Companies in most states should not expect substantial, if any, restrictions on launching their ALPR initiatives and using the technology in their day-to-day operations. Still, organizations would be wise to consult with and confirm applicable automatic license plate recognition system regulations in each state and municipality where they plan to operate. Private-sector license plate reader operators should also work with their in-house and outside legal teams to analyze the terms of their agreements with their government and state agency agreements to confirm whether they would need to implement additional compliance measures.

Any company considering adopting ALPR technology into their workflows should be mindful of the compliance costs and measures they must take to ensure their operations are compliant. Otherwise, they will need to plan around current and emerging regulations. Working in tandem with an alternative legal service provider (ALSP) can be an efficient strategy for leveraging ALPR subject matter expertise and developing compliance initiatives that can meet your goals. With an ALSP’s assistance, organizations can implement process mapping to visualize their data collection processes and leverage analytics programs to identify and rectify high-risk workflows. They can even run AI and predictive analytics programs against existing data to uncover settlement opportunities and litigation mitigation strategies when responding to imminent disputes.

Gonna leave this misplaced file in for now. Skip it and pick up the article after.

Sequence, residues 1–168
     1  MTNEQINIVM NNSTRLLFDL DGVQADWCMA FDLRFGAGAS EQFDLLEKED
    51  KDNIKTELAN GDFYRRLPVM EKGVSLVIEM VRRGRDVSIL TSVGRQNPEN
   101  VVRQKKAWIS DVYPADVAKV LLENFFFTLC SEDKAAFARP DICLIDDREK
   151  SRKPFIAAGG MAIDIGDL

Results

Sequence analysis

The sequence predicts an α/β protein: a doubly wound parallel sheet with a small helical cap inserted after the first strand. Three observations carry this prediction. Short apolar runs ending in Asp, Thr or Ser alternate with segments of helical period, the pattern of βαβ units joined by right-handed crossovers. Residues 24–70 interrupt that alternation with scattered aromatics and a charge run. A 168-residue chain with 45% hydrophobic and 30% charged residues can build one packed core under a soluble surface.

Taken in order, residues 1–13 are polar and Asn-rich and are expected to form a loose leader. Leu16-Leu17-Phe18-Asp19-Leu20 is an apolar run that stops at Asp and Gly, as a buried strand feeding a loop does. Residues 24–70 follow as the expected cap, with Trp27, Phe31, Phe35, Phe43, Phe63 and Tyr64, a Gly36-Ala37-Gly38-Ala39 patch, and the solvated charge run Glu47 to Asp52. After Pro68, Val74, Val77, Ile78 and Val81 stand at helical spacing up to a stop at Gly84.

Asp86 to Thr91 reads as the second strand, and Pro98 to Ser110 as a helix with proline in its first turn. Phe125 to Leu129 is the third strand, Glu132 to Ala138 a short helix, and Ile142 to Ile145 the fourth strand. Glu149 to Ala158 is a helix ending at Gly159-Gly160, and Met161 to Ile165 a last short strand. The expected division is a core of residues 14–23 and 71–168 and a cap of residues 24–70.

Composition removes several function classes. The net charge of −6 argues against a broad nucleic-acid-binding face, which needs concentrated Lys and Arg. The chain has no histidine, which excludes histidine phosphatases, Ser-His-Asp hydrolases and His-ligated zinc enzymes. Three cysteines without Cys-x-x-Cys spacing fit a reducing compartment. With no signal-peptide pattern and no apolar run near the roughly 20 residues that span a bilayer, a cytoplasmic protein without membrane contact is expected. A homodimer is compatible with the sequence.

In the end, companies looking to roll out ALPR technology will likely face massive opportunities when using it to meet their business objectives. That being said, your organization will need to be mindful of applicable state and local regulations to avoid compliance risks and sanctions when doing so.

LegalEase Solutions offers corporate legal departments and law firms innovative support with regulatory compliance needs. Our team is designed to complement your legal practice or department, providing you with the capabilities and resources to stay up to date with your needs. We have also helped legal departments and firms leverage AI, data and predictive analytics, customized apps, and software to help them make informed decisions about their day-to-day issues. To see how LegalEase Solutions can help, contact us at